Economics & Finance 9:00 AM-10:30 AM Independent Research, Undergraduate Kennedy Union - Ballroom Advisor(s) - Robert D Dean, John E Rapp Student(s) - Matthew J Buse, Catherine G Camerota, Michael R Groff, Tyler C Hujik Investment managers who use a “top down” approach to portfolio construction must first identify which S&P 500 sectors they plan to overweight, equalweight, or underweight. In this study, we develop a weighting system based on relative valuation of sector fundamentals. These fundamentals, category wise, include (1) sector valuation, (2) revenue and earnings growth, and (3) profitability. We have assumed that a sector’s overall weight in a portfolio increases if it is undervalued relative to the market. A sector also gets a higher weight if its earnings and revenue growth are greater than the market and its return on equity is greater than the market. We tested the relative valuation model on the 10 S&P 500 sectors starting in 2010 and running through the first quarter of 2011. A hypothetical investment of $1,000,000 is allocated to the 10 sectors based on the weights derived from the relative valuation model. Performance of the valuation weighted sectors is compared to the market for the period 1/1/2010 through 3/31/2011.

50


Engineering

Morning Posters

A New Method of Generating Electricity Using Pseudomonas aeruginosa in a Microbial Fuel Cell Chemical & Materials Engineering Graduate Research Advisor(s) - Donald A Comfort, John Rowe, Andrew M Sarangan Student(s) - Timothy J Gorey, Piyush J Shah, Hao Wang

9:00 AM-10:30 AM Kennedy Union - Ballroom

A New Method of Generating Electricity Using Pseudomonas aeruginosa in a Microbial Fuel CellHao Wang, Piyush Shah, Tim Gorey, Andrew Sarangan, John Rowe, Donald ComfortAbstractAmong many new energy sources which have potential to replace fossil fuel, microbial fuel cell (MFC) is one option that has reduced environmental impact compared to other sources while generating electricity. The chief difficulty for MFC becoming a reliable energy source is low power generation. Studies on means of increasing the power density of microbial fuel cells using P. aeruginosa had been performed to evaluate the effect that various electron donors have on production.A two-chamber MFC system was utilized to for these studies and the MFC utilized an anode of flat carbon cloth (surface area 5 cm2), and cathode of platinum foil (4.75 cm2). The power density of MFC with 1% glucose as substrates was 44 mW/m2 with current of 0.23-0.24 mA and potential of 0.05-0.09 V. The glucose concentration dependent on current response was observed until saturation at 2% glucose. Alternate electron donors were tested, including formate, acetate, cellobiose, and succinate. Only the succinate could be utilized by P. aeruginosa to produce electrical power. The power density of MFC with 1% succinate was 47 mW/m2 with current of 0.16-0.17 mA and potential of 0.07-0.14 V. Future experiments plan to investigate the effect of pH value of medium on power density.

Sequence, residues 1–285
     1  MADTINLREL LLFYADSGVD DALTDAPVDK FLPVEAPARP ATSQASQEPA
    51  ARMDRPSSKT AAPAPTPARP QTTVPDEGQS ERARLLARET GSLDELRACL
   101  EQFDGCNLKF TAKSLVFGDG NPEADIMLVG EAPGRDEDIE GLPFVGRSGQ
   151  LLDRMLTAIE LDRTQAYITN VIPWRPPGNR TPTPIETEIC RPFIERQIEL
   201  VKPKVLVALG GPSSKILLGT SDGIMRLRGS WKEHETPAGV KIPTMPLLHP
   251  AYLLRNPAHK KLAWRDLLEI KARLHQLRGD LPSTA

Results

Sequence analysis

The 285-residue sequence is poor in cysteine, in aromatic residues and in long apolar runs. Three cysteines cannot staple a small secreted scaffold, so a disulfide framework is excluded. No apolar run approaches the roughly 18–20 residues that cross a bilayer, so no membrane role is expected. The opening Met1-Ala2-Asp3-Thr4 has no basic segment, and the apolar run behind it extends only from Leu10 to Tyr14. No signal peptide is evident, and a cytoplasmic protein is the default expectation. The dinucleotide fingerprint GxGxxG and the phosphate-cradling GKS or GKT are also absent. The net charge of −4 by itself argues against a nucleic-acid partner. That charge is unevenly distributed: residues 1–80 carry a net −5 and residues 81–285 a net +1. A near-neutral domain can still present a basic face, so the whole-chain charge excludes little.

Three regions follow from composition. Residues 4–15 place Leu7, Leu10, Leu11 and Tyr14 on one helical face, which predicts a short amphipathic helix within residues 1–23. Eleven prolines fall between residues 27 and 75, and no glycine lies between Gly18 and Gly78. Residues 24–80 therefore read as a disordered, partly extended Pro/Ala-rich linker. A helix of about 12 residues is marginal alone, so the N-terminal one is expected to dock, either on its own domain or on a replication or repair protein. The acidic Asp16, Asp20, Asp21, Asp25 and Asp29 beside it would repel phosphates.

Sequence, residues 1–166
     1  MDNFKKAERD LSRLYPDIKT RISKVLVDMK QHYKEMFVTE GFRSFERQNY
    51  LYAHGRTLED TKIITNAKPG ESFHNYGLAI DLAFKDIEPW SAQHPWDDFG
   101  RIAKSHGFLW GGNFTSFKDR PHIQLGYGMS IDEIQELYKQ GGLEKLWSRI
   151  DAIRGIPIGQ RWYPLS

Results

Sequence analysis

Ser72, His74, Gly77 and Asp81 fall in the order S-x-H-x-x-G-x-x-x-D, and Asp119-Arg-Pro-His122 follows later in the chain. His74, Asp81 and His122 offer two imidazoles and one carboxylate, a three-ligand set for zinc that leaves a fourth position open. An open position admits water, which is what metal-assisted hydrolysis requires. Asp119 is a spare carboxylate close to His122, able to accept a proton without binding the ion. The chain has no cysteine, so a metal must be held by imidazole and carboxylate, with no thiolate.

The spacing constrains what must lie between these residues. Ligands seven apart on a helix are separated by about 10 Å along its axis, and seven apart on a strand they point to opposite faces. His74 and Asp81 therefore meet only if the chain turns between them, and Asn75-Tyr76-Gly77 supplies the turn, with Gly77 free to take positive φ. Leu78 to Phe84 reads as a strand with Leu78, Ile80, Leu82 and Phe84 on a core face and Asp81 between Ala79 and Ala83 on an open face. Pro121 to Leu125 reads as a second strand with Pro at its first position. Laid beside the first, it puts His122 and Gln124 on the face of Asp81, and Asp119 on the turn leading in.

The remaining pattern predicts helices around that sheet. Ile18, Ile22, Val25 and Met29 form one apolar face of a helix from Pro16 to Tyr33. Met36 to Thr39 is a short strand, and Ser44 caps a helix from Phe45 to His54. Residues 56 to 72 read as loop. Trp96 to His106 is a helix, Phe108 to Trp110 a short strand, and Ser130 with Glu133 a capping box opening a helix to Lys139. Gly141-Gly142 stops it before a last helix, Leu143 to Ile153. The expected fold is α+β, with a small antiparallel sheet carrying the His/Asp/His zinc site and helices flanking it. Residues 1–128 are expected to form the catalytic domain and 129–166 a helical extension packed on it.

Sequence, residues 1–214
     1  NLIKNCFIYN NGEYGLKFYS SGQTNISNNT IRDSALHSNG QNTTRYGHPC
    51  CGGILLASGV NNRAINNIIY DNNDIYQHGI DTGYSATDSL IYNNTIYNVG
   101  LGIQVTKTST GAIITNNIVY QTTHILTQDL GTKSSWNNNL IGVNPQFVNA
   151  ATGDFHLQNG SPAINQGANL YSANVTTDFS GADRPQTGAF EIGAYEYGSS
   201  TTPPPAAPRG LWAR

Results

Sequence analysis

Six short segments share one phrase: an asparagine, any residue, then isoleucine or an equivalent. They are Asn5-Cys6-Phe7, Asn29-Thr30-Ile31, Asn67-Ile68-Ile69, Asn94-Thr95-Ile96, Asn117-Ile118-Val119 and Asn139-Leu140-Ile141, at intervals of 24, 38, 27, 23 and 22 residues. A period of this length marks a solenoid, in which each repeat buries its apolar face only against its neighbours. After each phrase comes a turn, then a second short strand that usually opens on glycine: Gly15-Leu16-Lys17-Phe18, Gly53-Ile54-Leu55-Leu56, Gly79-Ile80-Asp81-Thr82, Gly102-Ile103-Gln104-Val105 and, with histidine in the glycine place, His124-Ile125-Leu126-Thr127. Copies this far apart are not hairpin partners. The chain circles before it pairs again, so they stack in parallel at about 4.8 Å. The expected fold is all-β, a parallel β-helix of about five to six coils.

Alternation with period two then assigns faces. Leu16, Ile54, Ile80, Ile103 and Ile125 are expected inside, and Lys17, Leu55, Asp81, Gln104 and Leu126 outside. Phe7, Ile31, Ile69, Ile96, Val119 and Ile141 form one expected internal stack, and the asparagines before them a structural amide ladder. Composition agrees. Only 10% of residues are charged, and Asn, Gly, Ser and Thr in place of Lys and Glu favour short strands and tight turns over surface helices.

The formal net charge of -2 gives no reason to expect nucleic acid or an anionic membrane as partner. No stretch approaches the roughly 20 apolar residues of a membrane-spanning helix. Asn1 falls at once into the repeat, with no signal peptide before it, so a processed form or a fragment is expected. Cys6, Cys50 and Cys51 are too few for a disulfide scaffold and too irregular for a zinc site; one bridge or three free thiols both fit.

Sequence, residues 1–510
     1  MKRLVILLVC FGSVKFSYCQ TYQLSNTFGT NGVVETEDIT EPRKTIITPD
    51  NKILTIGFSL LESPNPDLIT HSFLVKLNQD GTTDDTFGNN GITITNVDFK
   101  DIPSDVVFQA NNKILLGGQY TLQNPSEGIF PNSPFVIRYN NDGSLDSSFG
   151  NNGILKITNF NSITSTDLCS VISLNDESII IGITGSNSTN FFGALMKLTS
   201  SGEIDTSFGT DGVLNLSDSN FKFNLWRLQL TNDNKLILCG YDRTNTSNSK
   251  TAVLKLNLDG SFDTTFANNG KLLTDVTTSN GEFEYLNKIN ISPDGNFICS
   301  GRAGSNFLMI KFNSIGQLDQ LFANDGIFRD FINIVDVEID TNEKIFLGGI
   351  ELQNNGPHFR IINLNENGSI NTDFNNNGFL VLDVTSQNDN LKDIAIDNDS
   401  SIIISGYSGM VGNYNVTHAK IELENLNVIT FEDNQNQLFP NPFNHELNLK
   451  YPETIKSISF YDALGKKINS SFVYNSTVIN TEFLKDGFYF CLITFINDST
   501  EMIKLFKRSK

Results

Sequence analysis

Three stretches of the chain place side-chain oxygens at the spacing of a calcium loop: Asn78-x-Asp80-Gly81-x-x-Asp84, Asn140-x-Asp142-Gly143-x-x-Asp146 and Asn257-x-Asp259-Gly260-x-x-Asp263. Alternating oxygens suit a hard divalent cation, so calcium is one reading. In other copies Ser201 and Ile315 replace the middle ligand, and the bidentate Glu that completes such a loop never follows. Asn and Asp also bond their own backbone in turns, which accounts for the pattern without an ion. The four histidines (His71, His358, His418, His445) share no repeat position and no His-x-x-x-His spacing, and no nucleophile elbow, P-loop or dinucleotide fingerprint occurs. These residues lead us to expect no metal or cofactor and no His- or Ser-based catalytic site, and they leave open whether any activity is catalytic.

Aligned Carbon Nanotubes to reduce Contact Thermal Impedance Chemical & Materials Engineering Graduate Research Advisor(s) - Khalid Lafdi Student(s) - Muhammad O Memon

9:00 AM-10:30 AM Kennedy Union - Ballroom

Heat dissipation is the most critical problem that limits the performance, power, reliability and further miniaturization of microelectronics. As surfaces are never perfectly flat, the interface comprises point contacts at asperities and air pockets. Some heat is conducted through the physical contact points, but much more is transmitted through the air gaps. Since air is a poor conductor of heat, it should be replaced by a more conductive material to increase the joint conductivity and thus improve heat flow across the thermal interface. Carbon nanotubes (CNT) with their light weight and high thermal conductivity value have the potential to be used as thermal interface material. CNTs can play a significant role in reducing the thermal resistance by lowering the micro-gaps at the same time providing a high thermal conductivity path through them. The focus of this study is first, to study the effect of thermal contact resistance on heat transfer capability of high thermal conductivity materials and second is to demonstrate the effectiveness of CNT as thermal interface materials.

Biochemical characterization of hyperthermophilic enzymes involved in cellulose processing Chemical & Materials Engineering Independent Research, Undergraduate Advisor(s) - Donald A Comfort Student(s) - Zied Gaieb

9:00 AM-10:30 AM Kennedy Union - Ballroom

With the increased global demand for alternative energy, there is the potential for the development of biofuels from highly available cellulose biomass. To date, use of cellulosic feed stocks for biofuels has been limited by low processing efficiency and high costs. This can be overcome through the discovery and utilization of enzymes that efficiently degrade cellulose into monosaccharides for fermentation. One potential source of these enzymes is the hyperthermophilic microorganism Caldicellulosiruptor saccharolyticus, which is known to metabolize a large variety of carbohydrates. Genes were identified within the sequenced genome of C. saccharolyticus through bioinformatic techniques and cloned in expres51